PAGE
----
« 上一頁繼續 »
have the highest of human trusts committed to your care. Providence has showered on this favored land blessings without number, and has chosen you, as the guardians of freedom, to preserve it for the benefit of the human race. May He who holds in his hands the destinies of nations, make you worthy of the favors he has bestowed, and enable you, with pure hearts and pure hands, and sleepless vigilance, to guard and defend, to the end of time, the great charge he has committed to your keeping.
My own race is nearly run; advanced age and failing health warn me that before long I must pass beyond the reach of human events, and cease to feel the vicissitudes of human affairs. I thank God that my life has been spent in a land of liberty, and that he has given me a heart to love my country with the affection of a son. And, filled with gratitude for your constant and unwavering kindness, I bid you a last and affectionate farewell.
March 4, 1837.
THE KANSAS-NEBRASKA BILL.
Soon after the organization of Congress in December,
1853, a Bill for the organization of the Territories of Kansas and Nebraska, was introduced in the Senate, and referred to the Committee on Territories, of which Senator Douglas, of Illinois, was chairman. On the 4th day of January,
1854, the committee reported a substitute for the entire Bill, together with a report, which, after reviewing the various provisions of the Bill, concluded as follows:
"From these provisions it is apparent that the compromise measures of 1850 affirm and rest upon the following propositions:
"First. That all questions pertaining to slavery in the territories, and in the new States to be formed therefrom, are to be left to the decision of the people residing therein, by their appropriate representatives, to be chosen by them for that purpose.
"Second. That all cases involving title to slaves and questions of personal freedom, are referred to the adjudication of the local tribunals, with the right of appeal to the Supreme Court of the United States.
"Third. That the provision of the Constitution of the United States, in respect to fugitives from service, is to be carried into faithful execution in all the organized territories, the same as in the States. The substitute for the Bill which your committee have prepared, and which is commended to the favorable action of the Senate, proposes to carry these propositions and principles into practical ope31 (481)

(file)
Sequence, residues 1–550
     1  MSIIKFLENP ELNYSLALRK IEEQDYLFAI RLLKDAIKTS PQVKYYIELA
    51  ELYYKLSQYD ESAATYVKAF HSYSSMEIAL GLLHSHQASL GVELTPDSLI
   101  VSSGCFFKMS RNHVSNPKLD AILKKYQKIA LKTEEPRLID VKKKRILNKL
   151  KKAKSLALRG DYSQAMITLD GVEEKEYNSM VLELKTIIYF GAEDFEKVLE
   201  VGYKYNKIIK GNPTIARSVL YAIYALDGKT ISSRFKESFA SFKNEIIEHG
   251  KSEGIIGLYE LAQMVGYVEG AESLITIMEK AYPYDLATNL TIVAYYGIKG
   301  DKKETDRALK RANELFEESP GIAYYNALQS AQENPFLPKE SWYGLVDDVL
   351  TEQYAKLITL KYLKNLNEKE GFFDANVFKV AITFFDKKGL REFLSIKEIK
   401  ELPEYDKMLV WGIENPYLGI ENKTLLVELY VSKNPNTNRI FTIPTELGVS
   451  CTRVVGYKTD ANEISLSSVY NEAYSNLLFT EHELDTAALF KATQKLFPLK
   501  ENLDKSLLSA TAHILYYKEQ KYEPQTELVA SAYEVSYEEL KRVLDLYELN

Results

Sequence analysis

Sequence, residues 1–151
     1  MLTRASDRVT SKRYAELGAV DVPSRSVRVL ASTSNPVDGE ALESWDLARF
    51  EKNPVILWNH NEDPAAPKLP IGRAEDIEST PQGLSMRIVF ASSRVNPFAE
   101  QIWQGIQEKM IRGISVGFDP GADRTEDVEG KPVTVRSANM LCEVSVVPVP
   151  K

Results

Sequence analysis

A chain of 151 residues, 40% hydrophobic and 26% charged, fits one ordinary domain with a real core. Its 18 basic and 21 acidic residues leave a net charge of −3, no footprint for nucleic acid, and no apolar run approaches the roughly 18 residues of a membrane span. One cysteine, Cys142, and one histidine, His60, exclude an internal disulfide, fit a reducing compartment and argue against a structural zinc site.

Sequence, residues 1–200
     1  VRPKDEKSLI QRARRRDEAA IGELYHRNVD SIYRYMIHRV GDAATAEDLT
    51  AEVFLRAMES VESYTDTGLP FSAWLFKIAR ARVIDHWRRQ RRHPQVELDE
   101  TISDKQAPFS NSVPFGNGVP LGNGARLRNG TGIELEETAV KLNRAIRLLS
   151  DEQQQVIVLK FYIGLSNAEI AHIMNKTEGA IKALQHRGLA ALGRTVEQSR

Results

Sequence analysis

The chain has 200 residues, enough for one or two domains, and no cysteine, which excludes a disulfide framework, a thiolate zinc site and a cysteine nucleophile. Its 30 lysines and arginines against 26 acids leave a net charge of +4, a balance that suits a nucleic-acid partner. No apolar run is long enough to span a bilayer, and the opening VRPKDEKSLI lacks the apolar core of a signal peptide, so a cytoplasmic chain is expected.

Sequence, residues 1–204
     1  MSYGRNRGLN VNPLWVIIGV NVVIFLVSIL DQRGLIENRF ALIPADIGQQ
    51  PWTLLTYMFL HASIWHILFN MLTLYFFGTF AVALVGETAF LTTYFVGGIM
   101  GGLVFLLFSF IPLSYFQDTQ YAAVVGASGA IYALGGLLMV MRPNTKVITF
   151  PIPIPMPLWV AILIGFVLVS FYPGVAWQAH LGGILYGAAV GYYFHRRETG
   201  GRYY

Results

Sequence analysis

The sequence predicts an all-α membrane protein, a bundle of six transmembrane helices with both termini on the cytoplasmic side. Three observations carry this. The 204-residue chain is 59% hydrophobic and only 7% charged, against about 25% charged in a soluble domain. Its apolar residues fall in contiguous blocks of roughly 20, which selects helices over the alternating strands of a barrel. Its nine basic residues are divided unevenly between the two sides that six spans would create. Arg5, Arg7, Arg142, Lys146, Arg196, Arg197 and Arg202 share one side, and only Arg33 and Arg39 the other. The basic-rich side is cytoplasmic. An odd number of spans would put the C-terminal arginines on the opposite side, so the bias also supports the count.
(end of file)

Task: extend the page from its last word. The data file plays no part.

ration, in the precise language of the compromise measures of 1850."
It will thus be seen that the report based the Bill upon the compromise of 1850, so far as the question of slavery was concerned, and hence it becomes necessary to refer to those measures, to determine what principle was settled by them.
On the 29th of January, 1850, while the slavery agitation was raging with great violence, threatening, indeed, the very existence of the government, Mr. Clay introduced into the Senate several resolutions upon the subject of slavery, intended to form a basis of settlement upon that subject. While these resolutions.were pending, the Committee on Territories reported a Bill for the admission of California as a State, and one for the organisation of the Territories of Utah and New Mexico, and the adjustment of the Texas boundary. On the 19th of April a select committee of thirteen was appointed, of which Mr. Clay was chairman, and to that committee was referred the various propositions before the Senate. On the 8th of May, Mr. Clay, from the committee of thirteen, submitted to the Senate a report, accompanied by a bill, containing the essential features of the two bills previously submitted by the Committee on Territories, excepting as to the powers of the territorial legislature over slavery. The tenth section of the bill reported by the Committee on Territories read as follows:
"And be it further enacted, That the legislative power of the territory shall extend to all rightful subjects of legislation consistent with the Constitution of the United States and the provisions of this act; but no law shall be passed interfering with the primary disposition of the soil."
To which Mr. Clay's committee added these words: "nor in respect to African slavery."